Kindred is thematically expansive; on its surface the novel is a sci-fi yarn about a modern black woman beaming back mysteriously to a Maryland plantation where she saves the life of her white great-great-great-great-great grandfather on several occasions. We never know the agency responsible, or the mechanics, or the reasons for these temporal teleportations--we simply accept this alternate reality, content to ride a marvelously constructed book to its dread conclusion.
And by conclusion I mean the end of the plot only; there are no easy conclusions to Butler's thematic meanderings. Kindred is about the complex inter-relations of history, about moral ambivalence, about perception, about race, history, memory, the past as present. I could go on. Dana, who in 1976 is married to a white man named Kevin, accidentally takes him back with her to the nineteenth century on one of her trips. They try to fit in, try to create lies to make their sudden appearance sensible to the locals. They watch kids playing a game where they sell each other off at an auction. The reader thinks about this, about the changes from then to now, about the way things maybe should have changed even more, and wonders what s/he would do in the past in such a situation. Dana's husband Kevin says:
"Look, I won't say I understand how you feel about this because maybe that's something I can't understand. But as you said, you know what's going to happen. It already has happened. We're in the middle of history. We surely can't change it. If anything goes wrong, we might have all we can do just to survive it."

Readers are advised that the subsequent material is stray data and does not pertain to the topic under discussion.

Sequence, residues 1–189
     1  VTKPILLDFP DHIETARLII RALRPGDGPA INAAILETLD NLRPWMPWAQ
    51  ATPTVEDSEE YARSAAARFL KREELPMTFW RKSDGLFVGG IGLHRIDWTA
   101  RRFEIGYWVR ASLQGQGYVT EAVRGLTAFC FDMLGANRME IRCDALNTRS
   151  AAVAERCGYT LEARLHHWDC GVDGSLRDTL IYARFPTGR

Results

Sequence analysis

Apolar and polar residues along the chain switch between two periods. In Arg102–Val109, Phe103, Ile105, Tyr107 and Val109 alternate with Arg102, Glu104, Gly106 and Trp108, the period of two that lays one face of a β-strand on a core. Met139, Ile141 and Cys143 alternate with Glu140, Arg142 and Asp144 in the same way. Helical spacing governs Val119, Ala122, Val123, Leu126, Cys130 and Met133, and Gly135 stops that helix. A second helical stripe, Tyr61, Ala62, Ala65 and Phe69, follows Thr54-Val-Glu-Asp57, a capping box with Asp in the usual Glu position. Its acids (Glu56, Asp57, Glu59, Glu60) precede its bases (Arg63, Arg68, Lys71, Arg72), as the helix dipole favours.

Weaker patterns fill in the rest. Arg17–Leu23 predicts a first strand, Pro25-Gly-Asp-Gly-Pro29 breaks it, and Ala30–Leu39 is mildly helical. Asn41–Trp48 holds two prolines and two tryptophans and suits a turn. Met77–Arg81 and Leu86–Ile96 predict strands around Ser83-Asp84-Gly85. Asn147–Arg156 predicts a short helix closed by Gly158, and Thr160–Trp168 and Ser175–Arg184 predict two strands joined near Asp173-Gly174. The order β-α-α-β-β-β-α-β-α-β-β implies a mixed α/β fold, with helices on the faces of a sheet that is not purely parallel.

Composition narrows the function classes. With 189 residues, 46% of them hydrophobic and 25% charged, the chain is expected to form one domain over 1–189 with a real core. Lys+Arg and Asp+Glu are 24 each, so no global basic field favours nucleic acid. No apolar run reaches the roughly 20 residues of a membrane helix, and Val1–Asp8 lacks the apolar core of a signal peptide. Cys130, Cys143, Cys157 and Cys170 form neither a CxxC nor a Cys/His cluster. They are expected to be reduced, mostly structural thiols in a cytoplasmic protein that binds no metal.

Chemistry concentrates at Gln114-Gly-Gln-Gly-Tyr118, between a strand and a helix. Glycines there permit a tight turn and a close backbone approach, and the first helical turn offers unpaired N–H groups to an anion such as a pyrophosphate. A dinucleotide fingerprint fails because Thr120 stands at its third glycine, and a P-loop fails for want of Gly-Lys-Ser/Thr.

Kevin, the white man, admits he can't possibly see America's past the way his black wife sees it. She can't see it the way he does. They're both living in the past and unable to change it. And yet they also both live in the present and could just as easily transpose this attitude about the past to 1976. Dana is several times tempted to let her white ancestor die for his injustices, but she knows she has to keep him alive so she can exist someday. This is a troubling lesson about privileging the Self over others, and explains a lot about the politics of slavery, about the relations between the slaves as they negotiate their own positions on the plantation, and about the relations between black and white. The most monstrous humans in Kindred show humanity in surprising ways, and the heroic characters are degraded more than once. Dana is mystified by the (then future) examples of Frederick Douglas and Harriet Tubman. What possibly could explain the existence of such souls, able to act solely without thinking of the consequences to Self? Her novel is brilliant, and deserves its reputation. I'll be reading more of Butler's stuff down the road.